Cohabitation agreements

Divorcing couples have been dubbed the latest victims of the credit crunch. With house prices on the slide and houses failing to sell, would-be divorcees are finding themselves forced into extending their time under the same roof together.


Cohabitation agreementsUnder the same Roof, with the same agenda

Divorcing couples have been dubbed the latest victims of the credit crunch. With house prices on the slide and houses failing to sell, would-be divorcees are finding themselves forced into extending their time under the same roof together. The vexed issue of division of property on relationship breakdown is not one that is reserved for married couples. There has long been a common misconception in the general public that English law recognises ‘common law spouses’ with financial rights on relationship breakdown. It is often only when cohabitees part and consult their lawyers that they are disabused of this notion, and realise that their rights and remedies fall far shy of those they believed they enjoyed.

The recent case of Fowler v Barron [2008] is a classic example of the dangers of cohabiting without formally regulating the finances. Ex-fireman Mr Barron had his financial fingers burnt when his ex-girlfriend was awarded a 50 per cent share in the house. Mr Barron had paid the deposit, mortgage and household bills throughout 17 years of cohabitation and on this basis, was under the impression that he could claim the house as his own. “Not so” said the Court of Appeal.

Ministers watching Scotland

No specific legislation exists in England with respect to property and maintenance on the breakdown of cohabitation. Reforms recommended by the Law Commission were shelved by the government on 8 March 2008 whilst ministers watch Scotland, to see how similar proposals are implemented there in the form of The Family Law (Scotland) Act 2006. For the time being, therefore, the law on cohabitation in England is a cocktail of contract, trust and property law.

Joint name ownership

In the case of Stack v Dowden [2007] UKHL 17 the court divided the proceeds of the sale 65/35, despite joint legal ownership. The House of Lords held that a 50/50 split did not reflect Ms Dowden’s greater financial contribution to the equity in the property. The discrepancy in outcome between this case and the recent ‘fireman’ case demonstrates that the law in this area is contradictory. Legal ownership provides only a starting presumption as to ownership of the equity. Arguments that legal ownership does not paint a true picture of equitable ownership can be run on the basis of complex equitable doctrines including resulting or constructive trusts and equitable estoppel. This lack of clarity is great for lawyers, but disastrous for the general public.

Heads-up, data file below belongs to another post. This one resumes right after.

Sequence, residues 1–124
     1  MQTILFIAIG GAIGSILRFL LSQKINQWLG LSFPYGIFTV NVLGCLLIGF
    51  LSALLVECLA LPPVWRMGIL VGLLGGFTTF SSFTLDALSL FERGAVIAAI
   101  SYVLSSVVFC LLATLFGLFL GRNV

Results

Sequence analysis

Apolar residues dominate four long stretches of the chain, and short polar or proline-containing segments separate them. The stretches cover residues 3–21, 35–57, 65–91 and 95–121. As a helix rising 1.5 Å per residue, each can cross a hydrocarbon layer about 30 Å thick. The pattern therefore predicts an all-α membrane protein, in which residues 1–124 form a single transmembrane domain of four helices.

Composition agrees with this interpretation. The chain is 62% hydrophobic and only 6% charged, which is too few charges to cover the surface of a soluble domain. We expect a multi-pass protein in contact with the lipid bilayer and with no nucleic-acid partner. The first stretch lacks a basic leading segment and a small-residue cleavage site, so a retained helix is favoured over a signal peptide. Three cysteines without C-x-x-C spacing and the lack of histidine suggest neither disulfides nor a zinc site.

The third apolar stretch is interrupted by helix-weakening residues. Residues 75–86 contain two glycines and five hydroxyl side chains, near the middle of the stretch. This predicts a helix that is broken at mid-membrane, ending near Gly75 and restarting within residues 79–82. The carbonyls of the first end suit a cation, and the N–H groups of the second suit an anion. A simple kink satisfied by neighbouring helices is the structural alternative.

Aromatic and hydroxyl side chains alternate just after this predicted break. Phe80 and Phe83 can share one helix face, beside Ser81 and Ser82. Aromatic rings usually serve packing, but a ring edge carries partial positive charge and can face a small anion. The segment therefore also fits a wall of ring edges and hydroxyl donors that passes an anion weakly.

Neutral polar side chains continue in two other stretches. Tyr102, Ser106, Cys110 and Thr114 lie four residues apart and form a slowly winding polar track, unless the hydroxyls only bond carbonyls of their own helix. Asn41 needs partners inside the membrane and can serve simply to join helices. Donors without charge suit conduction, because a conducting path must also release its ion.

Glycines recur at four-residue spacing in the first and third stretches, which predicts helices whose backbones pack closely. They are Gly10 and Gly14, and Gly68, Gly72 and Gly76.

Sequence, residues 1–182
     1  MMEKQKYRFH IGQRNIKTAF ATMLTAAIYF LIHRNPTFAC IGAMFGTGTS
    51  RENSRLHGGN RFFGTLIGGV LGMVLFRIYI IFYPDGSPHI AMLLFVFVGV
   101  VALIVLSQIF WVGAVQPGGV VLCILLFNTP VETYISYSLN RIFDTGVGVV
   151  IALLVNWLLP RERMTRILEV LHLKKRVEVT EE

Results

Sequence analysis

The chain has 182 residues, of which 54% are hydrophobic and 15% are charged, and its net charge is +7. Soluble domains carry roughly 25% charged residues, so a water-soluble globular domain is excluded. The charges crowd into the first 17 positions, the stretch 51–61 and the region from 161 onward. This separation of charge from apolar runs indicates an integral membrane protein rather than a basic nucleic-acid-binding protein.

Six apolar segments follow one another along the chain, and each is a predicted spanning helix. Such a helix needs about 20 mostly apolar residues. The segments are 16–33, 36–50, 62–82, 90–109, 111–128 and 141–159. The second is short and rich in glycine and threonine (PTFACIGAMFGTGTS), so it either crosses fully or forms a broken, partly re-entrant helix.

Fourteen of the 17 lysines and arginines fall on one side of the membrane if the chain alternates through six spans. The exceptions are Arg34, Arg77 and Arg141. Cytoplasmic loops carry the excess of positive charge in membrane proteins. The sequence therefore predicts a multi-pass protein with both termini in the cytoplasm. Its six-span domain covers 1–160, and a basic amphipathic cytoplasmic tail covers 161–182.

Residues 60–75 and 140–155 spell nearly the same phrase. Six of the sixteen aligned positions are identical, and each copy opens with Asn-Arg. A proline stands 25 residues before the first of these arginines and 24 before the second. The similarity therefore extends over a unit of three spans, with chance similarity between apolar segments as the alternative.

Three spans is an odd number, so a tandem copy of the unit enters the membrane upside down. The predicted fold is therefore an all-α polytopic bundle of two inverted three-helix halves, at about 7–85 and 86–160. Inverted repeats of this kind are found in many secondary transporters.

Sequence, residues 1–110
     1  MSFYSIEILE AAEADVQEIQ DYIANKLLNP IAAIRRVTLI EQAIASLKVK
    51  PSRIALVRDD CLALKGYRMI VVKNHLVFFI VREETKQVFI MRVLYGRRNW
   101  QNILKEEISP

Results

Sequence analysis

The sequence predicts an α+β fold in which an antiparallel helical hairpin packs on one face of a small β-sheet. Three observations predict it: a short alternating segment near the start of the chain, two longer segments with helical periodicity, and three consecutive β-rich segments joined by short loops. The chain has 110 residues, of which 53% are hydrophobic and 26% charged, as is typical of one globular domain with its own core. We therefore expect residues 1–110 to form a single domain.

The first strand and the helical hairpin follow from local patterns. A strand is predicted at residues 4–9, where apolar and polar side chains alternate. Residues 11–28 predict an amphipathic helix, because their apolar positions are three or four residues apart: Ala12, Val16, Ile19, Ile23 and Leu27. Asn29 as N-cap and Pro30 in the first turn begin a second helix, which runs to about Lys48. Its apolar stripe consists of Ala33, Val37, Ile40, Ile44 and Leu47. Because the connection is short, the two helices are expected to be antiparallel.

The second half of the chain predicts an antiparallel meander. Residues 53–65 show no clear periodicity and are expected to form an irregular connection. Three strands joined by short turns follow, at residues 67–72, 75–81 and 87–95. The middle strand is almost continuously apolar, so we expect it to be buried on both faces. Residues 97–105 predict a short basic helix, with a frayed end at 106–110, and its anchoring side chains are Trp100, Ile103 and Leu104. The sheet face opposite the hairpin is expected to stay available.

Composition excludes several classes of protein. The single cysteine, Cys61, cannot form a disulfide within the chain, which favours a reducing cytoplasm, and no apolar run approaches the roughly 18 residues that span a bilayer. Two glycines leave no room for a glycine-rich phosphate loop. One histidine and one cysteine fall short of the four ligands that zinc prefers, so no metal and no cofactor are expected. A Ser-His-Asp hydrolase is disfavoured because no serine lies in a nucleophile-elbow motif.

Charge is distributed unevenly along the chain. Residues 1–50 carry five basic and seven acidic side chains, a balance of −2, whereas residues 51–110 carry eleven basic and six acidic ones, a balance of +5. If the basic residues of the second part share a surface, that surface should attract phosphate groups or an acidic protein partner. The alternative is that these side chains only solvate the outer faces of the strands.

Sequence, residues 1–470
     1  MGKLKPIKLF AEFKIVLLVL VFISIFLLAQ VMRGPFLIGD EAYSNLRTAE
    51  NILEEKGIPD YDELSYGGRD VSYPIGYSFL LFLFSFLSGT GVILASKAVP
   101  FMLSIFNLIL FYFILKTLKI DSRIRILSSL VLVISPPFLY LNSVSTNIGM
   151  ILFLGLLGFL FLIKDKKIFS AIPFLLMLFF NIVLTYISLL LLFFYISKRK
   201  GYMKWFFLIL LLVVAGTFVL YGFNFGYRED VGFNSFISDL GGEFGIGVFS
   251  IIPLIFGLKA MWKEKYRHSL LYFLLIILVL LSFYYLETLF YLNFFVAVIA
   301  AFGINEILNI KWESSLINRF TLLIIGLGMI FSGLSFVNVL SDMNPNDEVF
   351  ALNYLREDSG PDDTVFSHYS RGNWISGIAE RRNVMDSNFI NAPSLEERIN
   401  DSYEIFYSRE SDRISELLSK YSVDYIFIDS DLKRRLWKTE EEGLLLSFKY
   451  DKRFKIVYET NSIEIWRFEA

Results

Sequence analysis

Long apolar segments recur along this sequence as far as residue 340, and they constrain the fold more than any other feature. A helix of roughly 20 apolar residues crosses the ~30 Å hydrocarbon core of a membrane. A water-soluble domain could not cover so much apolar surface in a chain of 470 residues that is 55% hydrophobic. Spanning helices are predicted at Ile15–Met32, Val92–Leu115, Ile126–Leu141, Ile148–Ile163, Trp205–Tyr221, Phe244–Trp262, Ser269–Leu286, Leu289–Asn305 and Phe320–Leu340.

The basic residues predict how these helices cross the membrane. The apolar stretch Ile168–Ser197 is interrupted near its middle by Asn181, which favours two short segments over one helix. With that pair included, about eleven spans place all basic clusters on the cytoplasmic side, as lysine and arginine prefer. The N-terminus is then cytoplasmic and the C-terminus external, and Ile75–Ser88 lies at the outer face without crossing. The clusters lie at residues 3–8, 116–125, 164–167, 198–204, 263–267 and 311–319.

What can be done?

In a climate such as this the merits of a cohabitation agreement are patent. The principal requirements are that there be an intention to create legal relations, sufficiently precise terms, compliance with the Law of Property (Misc Provisions) Act 1989 and not contrary to public policy. The contract will be invalid if there is any element of duress or fraud.

Although there is no legal obligation to maintain, a cohabitation agreement could provide for short term maintenance whilst the lesser earner adjusts to the termination of financial dependence. The agreement can also deal with ownership of items bought on credit, payment of credit cards, payment of outgoings and division of house contents. A Deed of Trust can expressly record the respective shares in the home. The advantages of fixed ownership shares are certainty and no need to keep receipts, but there are disadvantages. Circumstances may change and over time one partner may end up paying far more than the other. A more flexible option is floating shares.

Over the last 15 years the issue of law reform for cohabiting couples has been largely ignored by the government. The Family Law (Scotland) Act 2006 in Scotland attempts to deal with the real injustices that face cohabitants on separation and death. Certainly, it provides far more protection for cohabitants than is afforded under English law. One in six heterosexual cohabiting couples are unmarried and 40 per cent of all children in England and Wales are born to unmarried parents. Despite this, the government has shelved comprehensive Law Commission recommendations for legal reforms. In the interim, a binding cohabitation agreement remains the most prudent option for cohabiting couples.

Caroline Gordon-Smith is a partner and Georgina Vallance-Webb an associate at Stevens & Bolton